Atrocious A*tro"cious, a. [L. atrox, atrocis, cruel, fierce: cf. F. atroce.] 1. Extremely heinous; full of enormous wickedness; as, atrocious guilt or deeds. [1913 Webster]

2. Characterized by, or expressing, great atrocity. [1913 Webster]

Revelations . . . so atrocious that nothing in history approaches them. --De Quincey. [1913 Webster]

3. Very grievous or violent; terrible; as, atrocious distempers. [Obs.] --Cheyne. [1913 Webster]

Syn: {Atrocious}, {Flagitious}, {Flagrant}.

Usage: Flagitious points to an act as grossly wicked and vile; as, a flagitious proposal. Flagrant marks the vivid impression made upon the mind by something strikingly wrong or erroneous; as, a flagrant misrepresentation; a flagrant violation of duty. Atrocious represents the act as springing from a violent and savage spirit. If Lord Chatham, instead of saying ``the atrocious crime of being a young man,'' had used either of the other two words, his irony would have lost all its point, in his celebrated reply to Sir Robert Walpole, as reported by Dr. Johnson. [1913 Webster] -- {A*tro"cious*ly}, adv. -- {A*tro"cious*ness}, n. [1913 Webster]

The Collaborative International Dictionary of English. 2000.

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Look at other dictionaries:

  • atrocious — atro·cious /ə trō shəs/ adj: characterized by extreme cruelty or viciousness atrocious assault and battery Merriam Webster’s Dictionary of Law. Merriam Webster. 1996. atrocious …   Law dictionary

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  • atrocious — [ə trō′shəs] adj. [< L atrox, (gen. atrocis), fierce, cruel < ater, black + ox < ? base of oculus, EYE] 1. very cruel, evil, brutal, etc. 2. appalling or dismaying 3. very bad, unpleasant, offensive, inferior, etc. [an atrocious joke]… …   English World dictionary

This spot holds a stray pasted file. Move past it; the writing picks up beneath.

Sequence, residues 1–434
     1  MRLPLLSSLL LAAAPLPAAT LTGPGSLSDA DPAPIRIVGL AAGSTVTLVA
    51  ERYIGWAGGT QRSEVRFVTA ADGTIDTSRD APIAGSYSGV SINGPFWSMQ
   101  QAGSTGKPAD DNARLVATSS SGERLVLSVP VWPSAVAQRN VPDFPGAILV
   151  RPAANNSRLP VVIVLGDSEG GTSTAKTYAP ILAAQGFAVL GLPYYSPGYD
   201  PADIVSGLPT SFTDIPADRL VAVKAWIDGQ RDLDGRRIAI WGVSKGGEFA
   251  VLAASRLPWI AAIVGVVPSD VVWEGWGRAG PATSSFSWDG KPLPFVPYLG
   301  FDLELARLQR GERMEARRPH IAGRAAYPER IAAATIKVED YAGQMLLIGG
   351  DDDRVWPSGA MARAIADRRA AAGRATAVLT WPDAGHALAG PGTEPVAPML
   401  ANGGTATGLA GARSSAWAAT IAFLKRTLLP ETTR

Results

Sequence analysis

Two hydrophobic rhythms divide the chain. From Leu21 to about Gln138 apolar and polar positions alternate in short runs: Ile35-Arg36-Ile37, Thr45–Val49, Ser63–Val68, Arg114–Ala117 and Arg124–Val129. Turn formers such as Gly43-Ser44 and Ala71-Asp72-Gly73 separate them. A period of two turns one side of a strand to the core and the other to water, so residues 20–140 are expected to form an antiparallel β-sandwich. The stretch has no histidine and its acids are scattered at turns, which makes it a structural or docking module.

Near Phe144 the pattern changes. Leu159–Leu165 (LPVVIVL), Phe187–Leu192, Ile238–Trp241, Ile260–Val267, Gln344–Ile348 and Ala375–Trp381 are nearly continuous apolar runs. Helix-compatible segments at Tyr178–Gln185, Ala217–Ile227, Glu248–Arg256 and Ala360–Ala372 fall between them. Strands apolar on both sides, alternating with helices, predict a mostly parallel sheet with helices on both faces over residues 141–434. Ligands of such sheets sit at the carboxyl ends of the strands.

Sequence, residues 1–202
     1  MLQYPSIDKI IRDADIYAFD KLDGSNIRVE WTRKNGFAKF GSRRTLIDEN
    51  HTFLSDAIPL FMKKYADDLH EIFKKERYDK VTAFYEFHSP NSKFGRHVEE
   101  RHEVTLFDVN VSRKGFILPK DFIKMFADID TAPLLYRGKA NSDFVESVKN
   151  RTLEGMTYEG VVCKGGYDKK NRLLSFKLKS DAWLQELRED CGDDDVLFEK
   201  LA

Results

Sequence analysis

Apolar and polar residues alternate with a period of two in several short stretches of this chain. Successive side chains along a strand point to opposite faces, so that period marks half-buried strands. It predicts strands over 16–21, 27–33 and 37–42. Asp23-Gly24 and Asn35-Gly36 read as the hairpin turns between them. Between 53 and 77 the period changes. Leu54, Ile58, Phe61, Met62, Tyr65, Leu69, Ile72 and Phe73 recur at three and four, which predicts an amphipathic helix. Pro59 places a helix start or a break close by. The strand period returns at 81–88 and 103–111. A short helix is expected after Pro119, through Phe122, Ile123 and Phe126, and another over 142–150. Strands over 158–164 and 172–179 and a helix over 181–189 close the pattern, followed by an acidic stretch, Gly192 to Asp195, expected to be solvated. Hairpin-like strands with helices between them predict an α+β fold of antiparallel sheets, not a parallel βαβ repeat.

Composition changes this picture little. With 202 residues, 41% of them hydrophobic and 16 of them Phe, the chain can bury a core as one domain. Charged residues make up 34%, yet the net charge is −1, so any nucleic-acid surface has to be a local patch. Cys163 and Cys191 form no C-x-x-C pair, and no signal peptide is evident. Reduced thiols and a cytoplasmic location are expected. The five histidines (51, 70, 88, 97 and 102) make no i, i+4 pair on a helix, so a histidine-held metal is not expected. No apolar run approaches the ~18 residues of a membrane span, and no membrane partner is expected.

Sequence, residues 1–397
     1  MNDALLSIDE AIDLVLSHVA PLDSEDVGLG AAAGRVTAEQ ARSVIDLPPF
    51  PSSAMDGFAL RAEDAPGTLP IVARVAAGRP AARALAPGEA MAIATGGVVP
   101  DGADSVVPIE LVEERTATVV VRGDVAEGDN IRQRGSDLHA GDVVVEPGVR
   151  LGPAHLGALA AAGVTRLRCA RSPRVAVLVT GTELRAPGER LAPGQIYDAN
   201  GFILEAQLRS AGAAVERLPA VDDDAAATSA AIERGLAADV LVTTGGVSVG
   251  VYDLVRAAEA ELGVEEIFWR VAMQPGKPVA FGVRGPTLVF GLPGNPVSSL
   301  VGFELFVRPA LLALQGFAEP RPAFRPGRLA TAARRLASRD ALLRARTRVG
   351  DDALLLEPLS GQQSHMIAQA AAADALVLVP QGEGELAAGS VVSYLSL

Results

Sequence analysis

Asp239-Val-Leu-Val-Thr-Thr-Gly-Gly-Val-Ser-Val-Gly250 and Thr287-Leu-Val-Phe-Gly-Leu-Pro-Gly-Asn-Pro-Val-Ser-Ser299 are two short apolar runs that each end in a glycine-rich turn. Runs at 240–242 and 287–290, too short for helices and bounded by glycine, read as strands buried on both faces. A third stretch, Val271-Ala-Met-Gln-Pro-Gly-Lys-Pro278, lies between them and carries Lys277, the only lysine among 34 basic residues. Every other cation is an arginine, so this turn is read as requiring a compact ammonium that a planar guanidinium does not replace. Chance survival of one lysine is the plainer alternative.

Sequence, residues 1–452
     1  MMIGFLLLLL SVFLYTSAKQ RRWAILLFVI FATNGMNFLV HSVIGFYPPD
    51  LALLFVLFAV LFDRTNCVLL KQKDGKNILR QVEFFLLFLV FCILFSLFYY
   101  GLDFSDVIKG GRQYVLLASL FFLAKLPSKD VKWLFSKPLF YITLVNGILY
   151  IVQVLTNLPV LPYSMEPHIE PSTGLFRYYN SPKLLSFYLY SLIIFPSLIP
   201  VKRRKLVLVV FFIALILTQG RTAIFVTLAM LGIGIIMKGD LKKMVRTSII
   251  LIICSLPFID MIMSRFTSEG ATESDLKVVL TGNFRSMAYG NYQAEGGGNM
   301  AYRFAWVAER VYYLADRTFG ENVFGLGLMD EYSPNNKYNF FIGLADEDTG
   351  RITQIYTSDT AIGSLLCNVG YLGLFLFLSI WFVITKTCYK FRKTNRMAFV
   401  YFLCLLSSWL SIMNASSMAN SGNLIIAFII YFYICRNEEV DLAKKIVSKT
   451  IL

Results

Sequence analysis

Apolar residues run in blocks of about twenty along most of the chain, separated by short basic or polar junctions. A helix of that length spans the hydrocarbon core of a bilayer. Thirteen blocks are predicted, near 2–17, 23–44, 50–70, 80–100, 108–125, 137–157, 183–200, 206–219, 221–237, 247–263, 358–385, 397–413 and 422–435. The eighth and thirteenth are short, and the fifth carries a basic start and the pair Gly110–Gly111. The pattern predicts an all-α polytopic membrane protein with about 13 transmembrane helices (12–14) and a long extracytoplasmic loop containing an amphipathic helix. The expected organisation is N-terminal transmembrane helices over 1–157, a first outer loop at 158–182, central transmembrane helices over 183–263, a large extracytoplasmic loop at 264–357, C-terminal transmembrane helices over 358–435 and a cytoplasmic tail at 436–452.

• atrocious — 1660s, from stem of L. atrox fierce, savage, cruel (see ATROCITY (Cf. atrocity)) + OUS (Cf. ous). Colloquial sense very bad is late 19c. Related: Atrociously; atrociousness …   Etymology dictionary

  • atrocious — heinous, monstrous, *outrageous Analogous words: *flagrant, gross, rank, glaring: nefarious, flagitious, infamous, iniquitous, *vicious: barbaric, savage, barbarous, *barbarian Antonyms: humane: noble (see MORAL) Contrasted words: righteous …   New Dictionary of Synonyms

  • atrocious — ► ADJECTIVE 1) horrifyingly wicked. 2) informal extremely bad or unpleasant. DERIVATIVES atrociously adverb. ORIGIN from Latin atrox cruel …   English terms dictionary

  • atrocious — [[t]ətro͟ʊʃəs[/t]] 1) ADJ GRADED (emphasis) If you describe something as atrocious, you are emphasizing that its quality is very bad. I remain to this day fluent in Hebrew, while my Arabic is atrocious... The food here is atrocious. Syn:… …   English dictionary

  • atrocious — adjective Etymology: Latin atroc , atrox gloomy, atrocious, from atr , ater black + oc , ox (akin to Greek ōps eye) more at eye Date: 1658 1. extremely wicked, brutal, or cruel ; barbaric 2. appalling, horrifying < the atrocious weapons of modern …   New Collegiate Dictionary

  • atrocious — atrociously, adv. atrociousness, n. /euh troh sheuhs/, adj. 1. extremely or shockingly wicked, cruel, or brutal: an atrocious crime. 2. shockingly bad or tasteless; dreadful; abominable: an atrocious painting; atrocious manners. [1660 70;… …   Universalium

  • atrocious — adjective extremely bad or showing no ability to do something at all: atrocious weather | Her singing was atrocious. | atrocious housing conditions atrociously adverb atrociousness noun (U) …   Longman dictionary of contemporary English

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